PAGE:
Moonlight sparkles the black pinion pines. I’m shaking now; my eyes are bleary. The dashboard lights are fuzzy, greener than [p.45]they should be. St. George is still eighty miles. An arrow points the way to Kanab and the Grand Canyon. I need someone to talk to. I’d talk about the Grand Canyon.
Have you seen the Grand Canyon at dawn? I would ask. It’s not red sandstone cliffs at all. The sun faintly blushes the upper rocks, but the immensity is almost all purple and gray shadow. Darkness. Deep caverns.
Once I lay on its edge at sunrise. I was fifteen. The world turned under me. I could feel it turning. I couldn’t tell where the rough molecules of sandstone ended and my cheek began. Perhaps once I truly was a stone. Perhaps lying there alone at dawn was the best single moment of my life.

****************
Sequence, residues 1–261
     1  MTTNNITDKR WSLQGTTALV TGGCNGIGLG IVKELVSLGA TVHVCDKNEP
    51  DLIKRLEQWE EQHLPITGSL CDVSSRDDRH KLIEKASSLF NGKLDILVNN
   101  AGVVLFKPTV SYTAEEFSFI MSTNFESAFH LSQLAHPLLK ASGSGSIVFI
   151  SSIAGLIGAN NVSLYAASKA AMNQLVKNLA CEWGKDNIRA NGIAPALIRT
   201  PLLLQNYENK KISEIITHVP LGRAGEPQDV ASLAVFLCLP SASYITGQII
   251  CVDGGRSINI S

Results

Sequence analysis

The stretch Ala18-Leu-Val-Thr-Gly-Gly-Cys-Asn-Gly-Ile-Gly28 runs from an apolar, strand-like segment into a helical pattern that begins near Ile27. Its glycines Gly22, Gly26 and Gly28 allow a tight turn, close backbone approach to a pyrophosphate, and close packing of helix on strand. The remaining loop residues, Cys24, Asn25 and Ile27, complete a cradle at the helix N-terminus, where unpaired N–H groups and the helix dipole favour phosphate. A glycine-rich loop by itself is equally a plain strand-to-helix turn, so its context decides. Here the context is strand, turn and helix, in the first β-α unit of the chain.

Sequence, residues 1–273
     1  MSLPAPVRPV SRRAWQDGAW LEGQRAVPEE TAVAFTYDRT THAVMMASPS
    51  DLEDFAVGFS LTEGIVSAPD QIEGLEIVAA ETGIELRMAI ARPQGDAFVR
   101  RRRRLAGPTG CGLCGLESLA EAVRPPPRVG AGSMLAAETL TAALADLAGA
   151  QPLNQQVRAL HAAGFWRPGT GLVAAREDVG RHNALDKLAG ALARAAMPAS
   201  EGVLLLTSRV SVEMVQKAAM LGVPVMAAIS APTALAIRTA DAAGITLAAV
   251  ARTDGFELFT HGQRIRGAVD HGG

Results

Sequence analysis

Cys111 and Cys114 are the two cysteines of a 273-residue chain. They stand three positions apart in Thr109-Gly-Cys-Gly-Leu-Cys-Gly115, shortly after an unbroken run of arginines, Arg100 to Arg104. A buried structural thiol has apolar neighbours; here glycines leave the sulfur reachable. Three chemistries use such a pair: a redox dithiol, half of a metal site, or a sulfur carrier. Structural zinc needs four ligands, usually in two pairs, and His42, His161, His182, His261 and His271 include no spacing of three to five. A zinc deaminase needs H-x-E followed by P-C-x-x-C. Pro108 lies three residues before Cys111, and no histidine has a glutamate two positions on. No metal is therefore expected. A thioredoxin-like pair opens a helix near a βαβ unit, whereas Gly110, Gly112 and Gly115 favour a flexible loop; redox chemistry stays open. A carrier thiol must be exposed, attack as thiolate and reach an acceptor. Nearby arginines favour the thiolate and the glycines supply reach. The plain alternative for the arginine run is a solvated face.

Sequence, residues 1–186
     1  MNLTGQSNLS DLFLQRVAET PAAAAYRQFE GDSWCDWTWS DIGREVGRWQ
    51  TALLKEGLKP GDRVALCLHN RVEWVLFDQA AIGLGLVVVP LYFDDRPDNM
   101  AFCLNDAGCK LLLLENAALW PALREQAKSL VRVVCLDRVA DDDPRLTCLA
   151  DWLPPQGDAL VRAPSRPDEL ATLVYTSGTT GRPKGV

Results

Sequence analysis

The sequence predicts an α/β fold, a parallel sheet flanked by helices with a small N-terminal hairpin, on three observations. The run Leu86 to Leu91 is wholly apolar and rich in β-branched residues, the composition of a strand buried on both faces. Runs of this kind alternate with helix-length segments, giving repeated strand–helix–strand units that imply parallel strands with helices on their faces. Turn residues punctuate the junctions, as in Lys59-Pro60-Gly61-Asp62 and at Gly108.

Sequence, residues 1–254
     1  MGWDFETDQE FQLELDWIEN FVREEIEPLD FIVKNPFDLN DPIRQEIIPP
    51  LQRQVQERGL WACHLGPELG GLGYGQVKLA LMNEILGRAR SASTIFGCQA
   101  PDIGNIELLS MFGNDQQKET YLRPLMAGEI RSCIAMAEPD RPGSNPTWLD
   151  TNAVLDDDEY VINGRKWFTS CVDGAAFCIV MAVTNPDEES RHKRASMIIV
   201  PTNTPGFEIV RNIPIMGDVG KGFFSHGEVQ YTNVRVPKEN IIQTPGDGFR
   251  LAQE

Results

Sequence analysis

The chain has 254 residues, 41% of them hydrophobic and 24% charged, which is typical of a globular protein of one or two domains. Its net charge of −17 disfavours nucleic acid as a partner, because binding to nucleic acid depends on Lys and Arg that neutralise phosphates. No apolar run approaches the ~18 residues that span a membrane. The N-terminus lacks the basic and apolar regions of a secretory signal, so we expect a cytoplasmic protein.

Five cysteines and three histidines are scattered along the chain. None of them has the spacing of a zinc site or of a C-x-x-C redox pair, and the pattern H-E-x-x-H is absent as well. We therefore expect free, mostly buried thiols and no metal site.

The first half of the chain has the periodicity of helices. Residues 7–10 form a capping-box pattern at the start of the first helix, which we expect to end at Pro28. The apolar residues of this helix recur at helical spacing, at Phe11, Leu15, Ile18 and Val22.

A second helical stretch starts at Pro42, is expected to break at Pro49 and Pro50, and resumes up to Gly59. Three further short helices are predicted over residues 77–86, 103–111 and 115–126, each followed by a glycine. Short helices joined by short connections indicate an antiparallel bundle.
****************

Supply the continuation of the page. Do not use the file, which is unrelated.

In my head I see the path through the Kaibab forest leading to the North Rim. There are flying squirrels in the Kaibab. Did you know that? Those squirrels live nowhere else on earth.
Over and over during the past seven years, I watch myself walk that path. A dirt path, narrow. Indian paintbrush and wild columbine and bristlecone pines thousands of years old. I can’t look at them. There’s no hurry, but I have to keep moving: I go to the rim and its purple shadows. There’s no fear or pain in that. I don’t want to die, but perhaps there’ll be no choice. One step and I’ll be part of the shadow. It feels good to have that option. It’s my biggest comfort. I must go to the very edge and look down and then decide. No one can come near me there, alone. Two German tourists disappeared from that path this summer. I envy them.
Over and over this scene is my escape. It’s beautiful and awesome and obsessive. Sometimes it’s irresistible.
I know I can’t turn around on the path to the canyon. I can stop on the edge but not turn around. I try hard to think if there are other choices. I concentrate while I look at the ever-changing light and shadow.